N6-Methylated Adenosine in RNA: From Bacteria to Humans

Petr V. Sergiev, Anna Ya Golovina, Ilya A. Osterman, Michail V. Nesterchuk, Olga V. Sergeeva, Anastasia A. Chugunova, Sergey A. Evfratov, Ekaterina S. Andreianova, Philipp I. Pletnev, Ivan G. Laptev, Kirill S. Petriukov, Tsimafei I. Navalayeu, Victor E. Koteliansky, Alexey A. Bogdanov, Olga A. Dontsova

    Research output: Contribution to journalReview articlepeer-review

    18 Citations (Scopus)


    N6-methyladenosine (m6A) is ubiquitously present in the RNA of living organisms from Escherichia coli to humans. Methyltransferases that catalyze adenosine methylation are drastically different in specificity from modification of single residues in bacterial ribosomal or transfer RNA to modification of thousands of residues spread among eukaryotic mRNA. Interactions that are formed by m6A residues range from RNA-RNA tertiary contacts to RNA-protein recognition. Consequences of the modification loss might vary from nearly negligible to complete reprogramming of regulatory pathways and lethality. In this review, we summarized current knowledge on enzymes that introduce m6A modification, ways to detect m6A presence in RNA and the functional role of this modification everywhere it is present, from bacteria to humans.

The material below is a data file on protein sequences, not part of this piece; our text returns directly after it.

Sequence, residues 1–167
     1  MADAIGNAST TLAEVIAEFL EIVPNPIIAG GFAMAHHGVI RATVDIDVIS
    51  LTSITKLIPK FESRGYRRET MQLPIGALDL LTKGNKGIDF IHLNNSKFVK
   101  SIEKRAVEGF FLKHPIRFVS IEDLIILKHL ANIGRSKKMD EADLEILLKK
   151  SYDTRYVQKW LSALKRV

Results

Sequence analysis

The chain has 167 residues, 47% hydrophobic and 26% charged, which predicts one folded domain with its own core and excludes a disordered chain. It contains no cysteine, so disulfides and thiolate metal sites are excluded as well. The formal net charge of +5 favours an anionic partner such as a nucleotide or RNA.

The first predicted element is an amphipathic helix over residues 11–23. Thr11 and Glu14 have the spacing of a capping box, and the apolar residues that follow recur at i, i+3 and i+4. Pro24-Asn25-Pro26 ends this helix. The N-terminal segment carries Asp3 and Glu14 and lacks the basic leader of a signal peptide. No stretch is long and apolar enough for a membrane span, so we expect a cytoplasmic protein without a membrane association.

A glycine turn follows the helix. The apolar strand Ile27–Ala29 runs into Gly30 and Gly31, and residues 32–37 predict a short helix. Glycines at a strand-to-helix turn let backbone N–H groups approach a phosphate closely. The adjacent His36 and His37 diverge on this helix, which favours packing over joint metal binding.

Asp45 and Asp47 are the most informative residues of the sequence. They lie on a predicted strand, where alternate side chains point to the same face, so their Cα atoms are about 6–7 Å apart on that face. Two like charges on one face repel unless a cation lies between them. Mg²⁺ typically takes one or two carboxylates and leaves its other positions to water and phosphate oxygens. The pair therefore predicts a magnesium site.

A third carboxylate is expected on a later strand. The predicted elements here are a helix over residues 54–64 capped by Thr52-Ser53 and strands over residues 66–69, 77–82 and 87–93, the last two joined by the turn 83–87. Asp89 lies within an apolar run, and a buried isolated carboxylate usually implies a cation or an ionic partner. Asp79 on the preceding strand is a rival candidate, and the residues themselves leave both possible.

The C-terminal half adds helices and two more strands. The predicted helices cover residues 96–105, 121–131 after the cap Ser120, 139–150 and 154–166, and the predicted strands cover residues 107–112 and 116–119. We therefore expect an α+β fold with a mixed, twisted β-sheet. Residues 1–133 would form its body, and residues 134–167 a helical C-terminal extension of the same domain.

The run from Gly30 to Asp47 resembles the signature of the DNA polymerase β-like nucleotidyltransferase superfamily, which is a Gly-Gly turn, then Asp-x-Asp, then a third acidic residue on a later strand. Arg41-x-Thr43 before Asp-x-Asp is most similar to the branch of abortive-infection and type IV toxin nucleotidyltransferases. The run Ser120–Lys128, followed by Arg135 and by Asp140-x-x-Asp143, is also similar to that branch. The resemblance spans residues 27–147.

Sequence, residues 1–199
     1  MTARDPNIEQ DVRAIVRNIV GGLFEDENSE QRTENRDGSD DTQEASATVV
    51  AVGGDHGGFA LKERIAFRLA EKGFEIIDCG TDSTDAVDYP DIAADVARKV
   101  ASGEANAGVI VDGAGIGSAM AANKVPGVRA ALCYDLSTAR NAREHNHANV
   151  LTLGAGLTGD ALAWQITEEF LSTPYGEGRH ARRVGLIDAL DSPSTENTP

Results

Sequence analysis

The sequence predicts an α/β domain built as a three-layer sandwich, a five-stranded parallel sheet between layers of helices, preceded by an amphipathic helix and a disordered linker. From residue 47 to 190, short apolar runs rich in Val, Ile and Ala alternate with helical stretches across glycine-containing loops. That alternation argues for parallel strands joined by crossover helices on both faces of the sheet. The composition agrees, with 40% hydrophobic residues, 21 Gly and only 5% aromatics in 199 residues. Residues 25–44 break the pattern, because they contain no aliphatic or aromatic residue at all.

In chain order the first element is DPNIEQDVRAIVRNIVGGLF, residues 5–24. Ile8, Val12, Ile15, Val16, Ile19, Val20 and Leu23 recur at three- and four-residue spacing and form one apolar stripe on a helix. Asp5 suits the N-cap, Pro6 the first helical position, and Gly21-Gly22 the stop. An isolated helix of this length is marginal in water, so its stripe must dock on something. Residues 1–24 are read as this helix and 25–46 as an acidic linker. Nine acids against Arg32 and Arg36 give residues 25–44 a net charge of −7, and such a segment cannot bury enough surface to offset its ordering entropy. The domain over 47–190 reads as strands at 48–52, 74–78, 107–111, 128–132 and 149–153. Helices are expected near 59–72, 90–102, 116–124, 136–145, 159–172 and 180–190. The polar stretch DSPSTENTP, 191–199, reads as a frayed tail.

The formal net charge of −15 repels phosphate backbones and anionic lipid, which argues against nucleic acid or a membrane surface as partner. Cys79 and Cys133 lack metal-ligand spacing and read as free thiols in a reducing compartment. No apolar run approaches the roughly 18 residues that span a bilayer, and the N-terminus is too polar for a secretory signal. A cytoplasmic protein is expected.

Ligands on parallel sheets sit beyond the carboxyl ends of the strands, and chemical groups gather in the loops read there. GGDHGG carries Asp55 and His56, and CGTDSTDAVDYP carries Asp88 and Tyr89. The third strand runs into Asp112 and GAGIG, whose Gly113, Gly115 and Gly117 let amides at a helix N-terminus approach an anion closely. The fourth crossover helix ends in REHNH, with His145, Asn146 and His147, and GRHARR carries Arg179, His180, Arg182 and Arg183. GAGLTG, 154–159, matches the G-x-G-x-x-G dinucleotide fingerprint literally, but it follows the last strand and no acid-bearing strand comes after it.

Original languageEnglish
    Pages (from-to)2134-2145
    Number of pages12
    JournalJournal of Molecular Biology
    Issue number10
    Publication statusPublished - 22 May 2016


    • mA
    • methyltransferase
    • rlmF
    • rlmJ
    • RNA modification


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